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The Effects of Three Different Educational Approaches on Children's Drawing Ability: Steiner, Montessori, and Traditional
Available from: Wiley Online Library
Publication: British Journal of Educational Psychology, vol. 70, no. 4
Abstract/Notes: Although there is a national curriculum for art education in the UK there are also alternative approaches in the private sector. This paper addresses the issue of the effect of these approaches on children's drawing ability. Aim. To compare the drawing ability in three drawing tasks of children in Steiner, Montessori and traditional schools. Sample. The participants were 60 school children between the ages of 5;11 and 7;2. Twenty children were tested in each type of school. Method. Each child completed three drawings: a free drawing, a scene and an observational drawing. Results. As predicted, the free and scene drawings of children in the Steiner school were rated more highly than those of children in Montessori and traditional schools. Steiner children's use of colour was also rated more highly, although they did not use more colours than the other children. Steiner children used significantly more fantasy topics in their free drawings. Further observation indicated that the Steiner children were better at using the whole page and organising their drawings into a scene; their drawings were also more detailed. Contrary to previous research Montessori children did not draw more inanimate objects and geometrical shapes or fewer people than other children. Also, contrary to the prediction, Steiner children were significantly better rather than worse than other children at observational drawing. Conclusion. The results suggest that the approach to art education in Steiner schools is conducive not only to more highly rated imaginative drawings in terms of general drawing ability and use of colour but also to more accurate and detailed observational drawings.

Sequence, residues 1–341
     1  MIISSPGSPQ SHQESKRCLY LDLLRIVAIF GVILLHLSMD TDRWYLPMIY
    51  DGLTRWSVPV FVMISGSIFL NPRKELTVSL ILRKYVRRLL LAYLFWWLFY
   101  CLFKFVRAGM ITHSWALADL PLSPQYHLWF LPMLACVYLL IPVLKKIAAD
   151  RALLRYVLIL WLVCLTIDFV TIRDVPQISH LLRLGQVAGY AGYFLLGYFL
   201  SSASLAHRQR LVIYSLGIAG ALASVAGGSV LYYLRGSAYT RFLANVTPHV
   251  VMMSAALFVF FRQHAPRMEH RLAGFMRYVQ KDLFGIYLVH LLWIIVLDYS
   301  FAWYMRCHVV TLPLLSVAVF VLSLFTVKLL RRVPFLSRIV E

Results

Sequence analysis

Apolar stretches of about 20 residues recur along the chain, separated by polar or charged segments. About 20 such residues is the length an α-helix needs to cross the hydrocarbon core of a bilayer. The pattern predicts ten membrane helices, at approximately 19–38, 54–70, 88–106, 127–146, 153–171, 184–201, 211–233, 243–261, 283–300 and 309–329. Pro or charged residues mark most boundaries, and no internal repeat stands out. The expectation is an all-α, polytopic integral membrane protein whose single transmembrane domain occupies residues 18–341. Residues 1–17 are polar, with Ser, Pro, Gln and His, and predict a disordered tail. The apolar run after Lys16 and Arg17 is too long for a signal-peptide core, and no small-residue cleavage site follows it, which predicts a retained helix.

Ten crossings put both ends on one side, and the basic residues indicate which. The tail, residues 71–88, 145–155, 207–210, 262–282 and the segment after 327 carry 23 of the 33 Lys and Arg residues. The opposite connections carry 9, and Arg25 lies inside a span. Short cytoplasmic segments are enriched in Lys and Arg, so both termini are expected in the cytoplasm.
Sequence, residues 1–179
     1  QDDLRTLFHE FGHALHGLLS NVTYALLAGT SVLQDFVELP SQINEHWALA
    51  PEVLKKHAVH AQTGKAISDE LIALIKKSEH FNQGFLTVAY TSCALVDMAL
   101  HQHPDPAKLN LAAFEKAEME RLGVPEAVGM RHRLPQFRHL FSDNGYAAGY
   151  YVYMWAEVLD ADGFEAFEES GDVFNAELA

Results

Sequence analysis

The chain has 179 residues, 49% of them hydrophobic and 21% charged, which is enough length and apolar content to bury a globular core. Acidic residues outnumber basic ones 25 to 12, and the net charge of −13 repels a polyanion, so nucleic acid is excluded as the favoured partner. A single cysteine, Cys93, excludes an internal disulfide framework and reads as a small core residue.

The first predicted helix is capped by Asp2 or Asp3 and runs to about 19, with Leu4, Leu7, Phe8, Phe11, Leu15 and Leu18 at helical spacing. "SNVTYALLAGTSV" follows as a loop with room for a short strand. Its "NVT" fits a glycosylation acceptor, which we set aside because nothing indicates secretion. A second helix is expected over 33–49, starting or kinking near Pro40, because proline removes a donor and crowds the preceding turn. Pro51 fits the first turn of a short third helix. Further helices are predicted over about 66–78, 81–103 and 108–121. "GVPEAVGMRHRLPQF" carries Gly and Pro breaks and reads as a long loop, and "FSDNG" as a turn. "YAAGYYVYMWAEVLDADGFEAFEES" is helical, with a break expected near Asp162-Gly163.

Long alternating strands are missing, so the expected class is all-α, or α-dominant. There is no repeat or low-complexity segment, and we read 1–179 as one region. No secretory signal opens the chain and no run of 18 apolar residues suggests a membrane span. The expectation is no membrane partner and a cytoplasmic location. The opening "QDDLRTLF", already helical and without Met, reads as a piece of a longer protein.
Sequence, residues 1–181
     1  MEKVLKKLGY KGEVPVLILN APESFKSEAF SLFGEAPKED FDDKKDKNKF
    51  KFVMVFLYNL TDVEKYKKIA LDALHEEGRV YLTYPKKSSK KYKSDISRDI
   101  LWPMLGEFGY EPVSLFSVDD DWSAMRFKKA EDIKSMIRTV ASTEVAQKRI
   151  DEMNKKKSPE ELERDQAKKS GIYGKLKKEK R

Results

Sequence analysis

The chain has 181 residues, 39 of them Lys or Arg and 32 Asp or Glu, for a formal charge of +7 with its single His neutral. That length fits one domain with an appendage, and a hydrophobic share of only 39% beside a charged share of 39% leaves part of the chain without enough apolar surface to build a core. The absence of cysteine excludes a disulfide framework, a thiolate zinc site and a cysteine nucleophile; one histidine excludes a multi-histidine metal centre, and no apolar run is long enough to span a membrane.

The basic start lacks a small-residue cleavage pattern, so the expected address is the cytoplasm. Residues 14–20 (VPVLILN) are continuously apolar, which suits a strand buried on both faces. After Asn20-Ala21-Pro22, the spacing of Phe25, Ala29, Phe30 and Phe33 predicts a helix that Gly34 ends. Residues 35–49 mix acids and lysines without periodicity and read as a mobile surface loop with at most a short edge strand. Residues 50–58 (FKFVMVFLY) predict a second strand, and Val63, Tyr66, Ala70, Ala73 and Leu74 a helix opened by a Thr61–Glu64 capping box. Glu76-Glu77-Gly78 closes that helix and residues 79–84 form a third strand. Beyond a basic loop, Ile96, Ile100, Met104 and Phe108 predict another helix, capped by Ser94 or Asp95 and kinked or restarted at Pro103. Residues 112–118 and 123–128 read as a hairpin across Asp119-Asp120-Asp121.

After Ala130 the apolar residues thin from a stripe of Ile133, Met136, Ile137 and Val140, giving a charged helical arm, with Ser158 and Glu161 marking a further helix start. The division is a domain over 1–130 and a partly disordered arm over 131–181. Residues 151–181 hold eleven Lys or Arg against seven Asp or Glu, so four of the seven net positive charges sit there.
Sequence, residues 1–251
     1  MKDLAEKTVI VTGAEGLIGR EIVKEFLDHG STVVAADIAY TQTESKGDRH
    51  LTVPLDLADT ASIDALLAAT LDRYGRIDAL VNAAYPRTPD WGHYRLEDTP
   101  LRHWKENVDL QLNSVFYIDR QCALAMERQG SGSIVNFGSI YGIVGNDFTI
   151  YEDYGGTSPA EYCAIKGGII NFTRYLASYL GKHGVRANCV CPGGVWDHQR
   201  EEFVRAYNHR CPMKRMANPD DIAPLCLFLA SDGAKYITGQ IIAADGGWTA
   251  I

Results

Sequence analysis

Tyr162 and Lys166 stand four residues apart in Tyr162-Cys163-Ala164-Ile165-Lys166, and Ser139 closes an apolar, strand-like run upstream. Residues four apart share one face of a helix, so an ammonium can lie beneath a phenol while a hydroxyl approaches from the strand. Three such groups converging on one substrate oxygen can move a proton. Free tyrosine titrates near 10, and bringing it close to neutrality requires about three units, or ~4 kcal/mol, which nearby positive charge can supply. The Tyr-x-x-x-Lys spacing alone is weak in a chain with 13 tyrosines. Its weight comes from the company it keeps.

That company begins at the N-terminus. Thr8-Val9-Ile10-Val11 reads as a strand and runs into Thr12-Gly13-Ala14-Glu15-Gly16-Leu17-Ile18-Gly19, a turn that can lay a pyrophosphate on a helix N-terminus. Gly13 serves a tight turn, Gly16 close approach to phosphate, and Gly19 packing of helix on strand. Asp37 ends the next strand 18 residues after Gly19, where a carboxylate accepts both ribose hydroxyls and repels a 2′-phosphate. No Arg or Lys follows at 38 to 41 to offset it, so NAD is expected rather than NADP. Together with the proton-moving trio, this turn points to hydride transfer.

ISSN: 2044-8279, 0007-0998
Narrative, Meaning Making, and Personal Development: Teachers' Storied Experience in Montessori, Steiner and Other Primary Classrooms
Available from: University of Notre Dame Australia
Abstract/Notes: This study explored how narrative was being used to foster meaning-making in Montessori, Steiner, Government and Catholic schools. In-depth interviews of twelve teachers from the four educational settings were used to collect the teachers' stories that comprised the data on narrative use. NUD*IST software was employed to organise data and to focus on emerging concepts through data analysis. A wide spectrum of narrative uses related to meaning making was revealed. These varied understandings support using narrative to foster insight on three levels relating to several theoretical views of narrative and its importance.
Published: Sydney, Australia, 2001
An Investigation of the Expressive and Representational Drawing Development in National Curriculum, Steiner, and Montessori Schools
Available from: APA PsycNet
Publication: Psychology of Aesthetics, Creativity, and the Arts, vol. 6, no. 1
Date: Feb 2012
Abstract/Notes: Little is known about how children’s drawing ability may vary between different educational approaches. This study investigated the expressive and representational drawing ability of British National Curriculum, Steiner, and Montessori pupils aged 5 to 9 years old. Ability was measured from performance on specified drawing tasks. One hundred and 35 children participated, 45 from each educational establishment consisting of 15 from each of the three age groups, 5-, 7- and 9-year-olds. Participants completed three expressive drawings (depicting a happy, sad, and angry mood) and three representational drawings (observational drawing of a wooden mannequin, a house from memory and a free drawing). Results indicated that for expressive drawings Steiner pupils generally depicted more content themes, used formal properties more expressively, and produced higher quality expressive drawings than Montessori and National Curriculum pupils. Where there were differences between National Curriculum and Montessori pupils the Montessori children tended to do better than the National Curriculum pupils on these measures. Although representational drawing development varied in younger Steiner pupils compared to their National Curriculum and Montessori peers, no differences were observed among the oldest children attending the three schools. The positive relationship between expressive and representational drawing performance was the strongest in Steiner pupils. The results suggest the art program in Steiner education is more conducive to nurturing expressive drawing ability than those delivered in Montessori and National Curriculum education, with seemingly no disadvantage in representational drawing ability in the primary school years.